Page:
Early evening on a perfect, cloudless summer day. Temperature warm but not stiflingly hot. The evening meal over, I’m sitting on the back deck in the comfortable zero gravity chair that my husband bought me to make my recovery from surgery more enjoyable. Well, lying on it, actually – this thing reclines beautifully, and it’s so comfortable that I think I could probably sleep on it.
Setting aside my book, I gaze around me, at the branches of our ancient cherry tree hovering protectively over the edge of the deck, providing shade and shelter for birds and small animals alike in its branches; the evergreens, planted so many years ago, that shield this private, fenced-in area from view; and spanning the outer edge of the deck, the long, low bench that my husband built for me because I often like to meditate out on the deck of a morning in the shade of that old cherry tree.
I watch my husband – this good, generous, loving man – limping slightly as he heads into the house after a long day of cutting branches and trimming the hedge; this man who, a year ago, could barely move around, months after spinal surgery and several mini-strokes, and whose mind the soup of prescribed medications had forced into a mushiness that he hated.
Over time, alterations in his medication and good physiotherapy have wrought changes that I – and certainly he – had never dared to hope for. I look at him and think that maybe, just maybe, we might have more good years together than we had originally thought.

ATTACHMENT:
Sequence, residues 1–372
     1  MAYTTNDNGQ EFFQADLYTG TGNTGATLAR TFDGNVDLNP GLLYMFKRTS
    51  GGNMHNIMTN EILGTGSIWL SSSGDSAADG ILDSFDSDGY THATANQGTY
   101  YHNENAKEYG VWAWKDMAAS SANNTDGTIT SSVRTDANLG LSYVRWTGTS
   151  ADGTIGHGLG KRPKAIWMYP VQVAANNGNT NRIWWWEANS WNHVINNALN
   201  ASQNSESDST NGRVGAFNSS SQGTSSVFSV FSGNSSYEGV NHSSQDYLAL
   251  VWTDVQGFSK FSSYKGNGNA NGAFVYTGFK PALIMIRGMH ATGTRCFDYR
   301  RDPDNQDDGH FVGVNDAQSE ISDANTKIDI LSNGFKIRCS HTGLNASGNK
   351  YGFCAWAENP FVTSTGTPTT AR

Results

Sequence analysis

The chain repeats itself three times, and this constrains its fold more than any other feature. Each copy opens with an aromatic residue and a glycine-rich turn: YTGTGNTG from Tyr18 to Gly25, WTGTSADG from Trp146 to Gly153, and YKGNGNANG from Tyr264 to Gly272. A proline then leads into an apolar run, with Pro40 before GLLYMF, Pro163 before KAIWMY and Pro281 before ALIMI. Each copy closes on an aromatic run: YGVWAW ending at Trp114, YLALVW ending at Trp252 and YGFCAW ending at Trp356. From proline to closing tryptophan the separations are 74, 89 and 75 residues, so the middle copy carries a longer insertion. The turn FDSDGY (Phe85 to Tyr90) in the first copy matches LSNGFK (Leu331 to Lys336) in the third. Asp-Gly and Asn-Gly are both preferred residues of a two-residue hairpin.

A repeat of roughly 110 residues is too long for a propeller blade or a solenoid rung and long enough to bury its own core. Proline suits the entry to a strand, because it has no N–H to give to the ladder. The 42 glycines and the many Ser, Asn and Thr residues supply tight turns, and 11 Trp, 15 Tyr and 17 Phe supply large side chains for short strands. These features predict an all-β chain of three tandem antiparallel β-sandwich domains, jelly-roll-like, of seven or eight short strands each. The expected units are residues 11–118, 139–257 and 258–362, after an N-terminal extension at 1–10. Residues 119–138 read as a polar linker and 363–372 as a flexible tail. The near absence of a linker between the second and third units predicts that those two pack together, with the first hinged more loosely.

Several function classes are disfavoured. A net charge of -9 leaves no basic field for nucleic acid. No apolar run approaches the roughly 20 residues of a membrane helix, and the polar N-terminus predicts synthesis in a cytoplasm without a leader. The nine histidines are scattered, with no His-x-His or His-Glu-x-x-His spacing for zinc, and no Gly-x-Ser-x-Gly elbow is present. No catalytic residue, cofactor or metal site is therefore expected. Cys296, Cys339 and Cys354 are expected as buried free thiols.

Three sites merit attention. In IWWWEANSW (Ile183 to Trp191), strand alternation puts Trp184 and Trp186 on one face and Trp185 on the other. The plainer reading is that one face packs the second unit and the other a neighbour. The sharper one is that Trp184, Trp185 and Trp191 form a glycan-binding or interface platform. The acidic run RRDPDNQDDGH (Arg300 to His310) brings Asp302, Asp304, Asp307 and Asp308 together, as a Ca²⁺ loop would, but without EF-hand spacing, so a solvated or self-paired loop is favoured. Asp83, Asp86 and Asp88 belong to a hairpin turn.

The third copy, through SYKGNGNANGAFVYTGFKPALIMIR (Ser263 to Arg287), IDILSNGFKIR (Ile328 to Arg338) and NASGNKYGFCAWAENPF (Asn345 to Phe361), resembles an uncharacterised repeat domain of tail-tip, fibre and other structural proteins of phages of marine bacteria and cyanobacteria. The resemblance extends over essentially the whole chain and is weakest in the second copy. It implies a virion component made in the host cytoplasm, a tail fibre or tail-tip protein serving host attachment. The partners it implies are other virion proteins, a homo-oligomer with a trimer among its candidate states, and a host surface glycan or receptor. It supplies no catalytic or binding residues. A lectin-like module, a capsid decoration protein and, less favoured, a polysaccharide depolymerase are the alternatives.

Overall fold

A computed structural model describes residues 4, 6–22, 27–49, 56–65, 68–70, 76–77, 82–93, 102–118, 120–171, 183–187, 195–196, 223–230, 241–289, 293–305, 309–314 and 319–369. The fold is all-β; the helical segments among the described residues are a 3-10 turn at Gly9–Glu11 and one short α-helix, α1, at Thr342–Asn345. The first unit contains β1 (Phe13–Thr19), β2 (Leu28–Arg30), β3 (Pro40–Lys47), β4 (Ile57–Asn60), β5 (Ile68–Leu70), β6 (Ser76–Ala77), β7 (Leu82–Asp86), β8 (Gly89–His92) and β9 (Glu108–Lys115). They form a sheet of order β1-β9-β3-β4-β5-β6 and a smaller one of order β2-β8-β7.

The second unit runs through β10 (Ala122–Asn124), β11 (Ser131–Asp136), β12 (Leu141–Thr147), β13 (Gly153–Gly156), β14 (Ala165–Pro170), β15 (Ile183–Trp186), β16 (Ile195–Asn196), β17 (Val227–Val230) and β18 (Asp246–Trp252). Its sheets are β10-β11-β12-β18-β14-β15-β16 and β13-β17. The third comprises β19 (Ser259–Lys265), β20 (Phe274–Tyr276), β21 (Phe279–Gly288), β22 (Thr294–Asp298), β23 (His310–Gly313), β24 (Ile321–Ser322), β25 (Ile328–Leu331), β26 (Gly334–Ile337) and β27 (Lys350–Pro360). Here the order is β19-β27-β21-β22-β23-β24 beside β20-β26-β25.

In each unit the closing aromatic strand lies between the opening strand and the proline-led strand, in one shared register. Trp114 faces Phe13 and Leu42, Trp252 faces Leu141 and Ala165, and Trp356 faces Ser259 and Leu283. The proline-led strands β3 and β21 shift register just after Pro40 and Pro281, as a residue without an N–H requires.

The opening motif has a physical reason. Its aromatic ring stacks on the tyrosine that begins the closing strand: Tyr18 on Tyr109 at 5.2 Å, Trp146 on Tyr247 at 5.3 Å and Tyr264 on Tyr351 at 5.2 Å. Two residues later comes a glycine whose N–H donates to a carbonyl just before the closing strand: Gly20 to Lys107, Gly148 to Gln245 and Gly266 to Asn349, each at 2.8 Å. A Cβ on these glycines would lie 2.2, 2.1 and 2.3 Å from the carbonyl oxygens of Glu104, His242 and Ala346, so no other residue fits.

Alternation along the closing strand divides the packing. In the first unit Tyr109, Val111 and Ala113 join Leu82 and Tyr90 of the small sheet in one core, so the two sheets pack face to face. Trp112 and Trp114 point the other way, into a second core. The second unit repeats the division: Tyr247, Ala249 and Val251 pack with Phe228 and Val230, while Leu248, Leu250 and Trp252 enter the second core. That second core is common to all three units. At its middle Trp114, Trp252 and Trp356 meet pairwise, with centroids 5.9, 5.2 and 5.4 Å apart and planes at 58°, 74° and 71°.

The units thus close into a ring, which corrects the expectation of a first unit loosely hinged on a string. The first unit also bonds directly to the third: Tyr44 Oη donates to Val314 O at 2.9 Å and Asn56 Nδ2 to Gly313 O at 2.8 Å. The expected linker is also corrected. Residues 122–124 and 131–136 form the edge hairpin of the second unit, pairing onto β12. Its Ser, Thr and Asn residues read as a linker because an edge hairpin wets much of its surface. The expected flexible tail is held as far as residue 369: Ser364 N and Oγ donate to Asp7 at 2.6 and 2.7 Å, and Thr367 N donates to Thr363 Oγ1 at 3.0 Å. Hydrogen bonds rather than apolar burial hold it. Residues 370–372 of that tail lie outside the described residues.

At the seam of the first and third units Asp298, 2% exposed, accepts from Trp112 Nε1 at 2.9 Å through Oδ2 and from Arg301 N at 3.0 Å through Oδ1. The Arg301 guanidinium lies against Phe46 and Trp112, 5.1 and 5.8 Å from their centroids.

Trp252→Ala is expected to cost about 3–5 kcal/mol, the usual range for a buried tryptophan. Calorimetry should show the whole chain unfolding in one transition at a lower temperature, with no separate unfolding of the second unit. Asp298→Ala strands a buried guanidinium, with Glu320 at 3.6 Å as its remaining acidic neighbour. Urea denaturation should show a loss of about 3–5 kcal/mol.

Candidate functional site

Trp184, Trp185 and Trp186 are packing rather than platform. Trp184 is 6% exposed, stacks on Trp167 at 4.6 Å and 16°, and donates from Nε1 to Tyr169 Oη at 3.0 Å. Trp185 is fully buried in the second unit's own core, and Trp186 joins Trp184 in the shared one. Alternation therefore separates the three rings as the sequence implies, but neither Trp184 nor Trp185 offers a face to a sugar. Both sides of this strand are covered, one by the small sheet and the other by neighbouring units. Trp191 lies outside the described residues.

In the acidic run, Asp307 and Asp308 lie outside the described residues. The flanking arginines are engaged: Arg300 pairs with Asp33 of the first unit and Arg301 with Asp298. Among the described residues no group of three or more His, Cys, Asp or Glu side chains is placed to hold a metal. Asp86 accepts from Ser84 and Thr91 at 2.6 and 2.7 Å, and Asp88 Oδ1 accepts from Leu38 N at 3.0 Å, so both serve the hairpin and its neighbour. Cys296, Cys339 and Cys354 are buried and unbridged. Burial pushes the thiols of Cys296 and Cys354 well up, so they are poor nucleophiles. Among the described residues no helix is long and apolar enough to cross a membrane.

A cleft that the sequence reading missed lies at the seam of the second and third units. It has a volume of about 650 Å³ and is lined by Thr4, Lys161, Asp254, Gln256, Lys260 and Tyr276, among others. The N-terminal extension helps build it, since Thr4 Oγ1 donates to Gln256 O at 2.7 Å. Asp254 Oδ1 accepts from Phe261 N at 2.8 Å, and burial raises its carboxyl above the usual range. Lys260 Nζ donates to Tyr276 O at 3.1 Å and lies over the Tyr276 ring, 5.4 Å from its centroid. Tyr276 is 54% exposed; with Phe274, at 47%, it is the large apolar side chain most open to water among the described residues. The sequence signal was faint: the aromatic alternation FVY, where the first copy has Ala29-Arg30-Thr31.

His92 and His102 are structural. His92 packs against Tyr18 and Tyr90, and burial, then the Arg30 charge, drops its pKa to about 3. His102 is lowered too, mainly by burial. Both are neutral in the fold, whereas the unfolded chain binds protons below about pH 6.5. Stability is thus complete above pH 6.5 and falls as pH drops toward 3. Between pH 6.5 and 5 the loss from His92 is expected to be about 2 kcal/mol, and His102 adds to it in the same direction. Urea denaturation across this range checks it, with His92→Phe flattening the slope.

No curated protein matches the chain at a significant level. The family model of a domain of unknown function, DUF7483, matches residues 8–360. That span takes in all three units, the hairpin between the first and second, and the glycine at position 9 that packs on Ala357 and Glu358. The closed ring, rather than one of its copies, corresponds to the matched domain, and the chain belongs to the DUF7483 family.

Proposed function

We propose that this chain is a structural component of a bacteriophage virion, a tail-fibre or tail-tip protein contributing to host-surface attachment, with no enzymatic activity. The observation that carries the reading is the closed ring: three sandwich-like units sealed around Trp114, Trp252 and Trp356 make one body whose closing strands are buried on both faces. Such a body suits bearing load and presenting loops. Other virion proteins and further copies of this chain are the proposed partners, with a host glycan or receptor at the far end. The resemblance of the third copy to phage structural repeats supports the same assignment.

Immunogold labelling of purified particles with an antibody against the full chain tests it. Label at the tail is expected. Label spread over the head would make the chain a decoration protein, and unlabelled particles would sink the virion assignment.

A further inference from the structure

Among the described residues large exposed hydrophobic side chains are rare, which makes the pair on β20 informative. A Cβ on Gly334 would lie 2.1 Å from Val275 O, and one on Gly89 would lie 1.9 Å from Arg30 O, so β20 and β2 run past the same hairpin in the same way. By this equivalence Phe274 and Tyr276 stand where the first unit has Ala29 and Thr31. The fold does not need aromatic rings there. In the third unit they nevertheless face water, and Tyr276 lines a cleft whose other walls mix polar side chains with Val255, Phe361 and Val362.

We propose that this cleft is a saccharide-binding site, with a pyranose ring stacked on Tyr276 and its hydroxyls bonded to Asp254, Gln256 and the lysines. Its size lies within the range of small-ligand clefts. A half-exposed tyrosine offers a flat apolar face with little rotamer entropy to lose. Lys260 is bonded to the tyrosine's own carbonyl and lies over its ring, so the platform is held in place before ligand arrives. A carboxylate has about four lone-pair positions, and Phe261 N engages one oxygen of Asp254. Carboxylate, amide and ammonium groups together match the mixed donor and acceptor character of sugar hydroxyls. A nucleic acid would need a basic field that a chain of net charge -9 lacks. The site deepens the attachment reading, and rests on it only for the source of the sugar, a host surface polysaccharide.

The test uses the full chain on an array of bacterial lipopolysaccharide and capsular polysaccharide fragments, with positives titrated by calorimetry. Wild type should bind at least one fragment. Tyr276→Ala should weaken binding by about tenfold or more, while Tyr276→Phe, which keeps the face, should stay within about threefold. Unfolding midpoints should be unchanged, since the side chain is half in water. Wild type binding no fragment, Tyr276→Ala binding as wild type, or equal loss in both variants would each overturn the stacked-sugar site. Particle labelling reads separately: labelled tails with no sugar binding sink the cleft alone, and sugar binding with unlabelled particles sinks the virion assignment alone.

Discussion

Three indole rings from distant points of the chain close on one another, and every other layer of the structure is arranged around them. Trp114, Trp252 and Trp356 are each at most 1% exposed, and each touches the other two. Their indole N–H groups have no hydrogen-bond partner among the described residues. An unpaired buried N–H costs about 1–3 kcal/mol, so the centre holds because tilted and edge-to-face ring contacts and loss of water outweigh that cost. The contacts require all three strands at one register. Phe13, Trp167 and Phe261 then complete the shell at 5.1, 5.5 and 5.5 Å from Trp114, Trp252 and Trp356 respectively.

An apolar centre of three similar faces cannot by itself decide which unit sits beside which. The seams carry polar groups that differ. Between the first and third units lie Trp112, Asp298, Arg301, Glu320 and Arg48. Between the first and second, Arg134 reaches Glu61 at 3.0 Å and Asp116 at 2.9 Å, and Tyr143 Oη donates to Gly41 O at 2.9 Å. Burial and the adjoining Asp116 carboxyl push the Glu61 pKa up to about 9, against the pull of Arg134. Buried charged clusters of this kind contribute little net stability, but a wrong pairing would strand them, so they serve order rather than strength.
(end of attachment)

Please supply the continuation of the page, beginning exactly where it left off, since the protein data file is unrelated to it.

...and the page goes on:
Suddenly, unexpectedly, I’m filled with gratitude that pierces my heart and brings tears to my eyes; thankfulness for the scraggly, beautiful old cherry tree that stays alive, putting out leaves many years after its nominal “due date” – maybe because I love it so much; for the stunning, luscious beauty of all the different greens in the scenery of our ordinary back yard; for the chipmunk who visits us in the morning for peanuts and makes us laugh; but most of all for the man whose love has been my mainstay for nearly half a century, and whose gifts to me surround and fill my life.
Religions argue with each other, debate areas of contention, fight wars with each other, disdain each other, claim that they’re the only way to get to the beyond. Even Amidists argue, splitting hairs over whether Amida Buddha was a real man some incalculably long time ago, or whether he is simply a construct, a symbol of what the pure land offers. I have been struggling for so long to come to some kind of understanding that fits my life and my experiences.
But in this moment of joy and thankfulness, all I know is that I’m grateful to whatever is out there, whatever its true name may be; and I call out from the fullness of my heart, “Thank You!” “Thank You!”
I call out to the Lord God, to Yahweh, to Amida Buddha, to Allah, to the Great Spirit…the Collective Unconscious – the universe, in whatever guise it takes on for our puny human minds to play with.
Because I know, deep down, that somehow this prayer of the heart will be heard – no matter what I aim it to, or what belief system I choose to follow – by whatever consciousness governs the Great Beyond. Because I am a part of it all, and my little voice is part of the great voice of the universe.
And as I love, so I am loved.
Namo Amida Bu,